What Are the Different Types of Orchestra Groups?

An orchestra is a large group of musicians who are usually brought together to perform classical music. The number of musicians required is determined the type of orchestra and the financial resources available to hire musicians. Orchestras are usually divided into four groups, each of which plays a different instrument family. Strings, woodwinds, brass, and percussion are among the orchestra groups. Depending on the size of the concert hall and the type of music being performed, these groups can be arranged in a variety of ways.

Because stringed instruments are typically arranged at the front of the concert stage, they are the most visible of the orchestra groups. Violins, violas, cellos, and double basses are among the strings. Several strings are stretched out along the hollow wooden body of these instruments. When a bow is drawn across the strings and resonates through the wood, sound is produced. The string section is the largest and is responsible for many musical compositions’ basic instrumentation.

The woodwind section is one of the three smaller orchestra groups, and it is usually positioned behind the strings in the middle of the stage. Woodwind instruments include clarinets, flutes, piccolos, oboes, English horns, bass clarinets, bassoons, and contra-bassoons. Blowing into their instruments and modifying the acoustics with a set of keys arranged along the length of the instrument are how woodwind players perform. Some woodwind instruments, such as clarinets, are partially made of wood, while others are entirely made of metal.

Because of their highly polished surfaces and rich sounds, brass instruments are instantly recognizable. The brass section sits behind the woodwinds, and instruments from both orchestra groups are played in a similar way, with the performer producing sound exhaling into a hollow tube. Trumpets, French horns, trombones, and tubas are examples of brass instruments. Some of these instruments are quite large and can produce a powerful bass sound.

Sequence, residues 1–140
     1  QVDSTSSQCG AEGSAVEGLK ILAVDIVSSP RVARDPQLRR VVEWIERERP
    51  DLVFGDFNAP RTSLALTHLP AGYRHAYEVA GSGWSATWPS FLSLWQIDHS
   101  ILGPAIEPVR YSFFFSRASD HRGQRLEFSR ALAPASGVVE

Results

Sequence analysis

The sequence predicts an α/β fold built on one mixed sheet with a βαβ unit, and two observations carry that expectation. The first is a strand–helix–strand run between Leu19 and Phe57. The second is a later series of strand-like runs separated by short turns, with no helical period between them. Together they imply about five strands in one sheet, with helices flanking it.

The percussion section is the smallest of the orchestra sections, and its size varies the most between works. This section includes drums, timpani, xylophones, bells, and other instruments. These instruments are played striking two instrument pieces together with a stick, similar to how cymbals are played. During a performance, some compositions call for a person to play a variety of percussion instruments. The percussion section is usually placed behind the rest of the performers at the back of the stage.

While the major orchestra groups are represented in these four sections, other instruments may appear on the concert stage. Orchestra pieces frequently feature instruments such as harps, pianos, and organs, but they are rarely organized with the other orchestra groups. Depending on their importance to the composition, these instruments may appear on different parts of the stage. Featured pianists will frequently perform in the orchestra’s front row, while minor performers will often appear to the side or rear.

Orchestras can be divided into groups based on size and style, in addition to instrument divisions. A symphony orchestra, also known as a philharmonic orchestra, is a large ensemble with several dozen members. The Nashville Symphony Orchestra in Tennessee, for example, has about 85 members as of 2011, while the Boston Symphony Orchestra in Massachusetts has around 100 members. Chamber orchestras are typically smaller, consisting of only a few dozen musicians. Other groupings are even smaller, with ensembles typically containing only a few or slightly more members and quartets containing a clearly defined four members.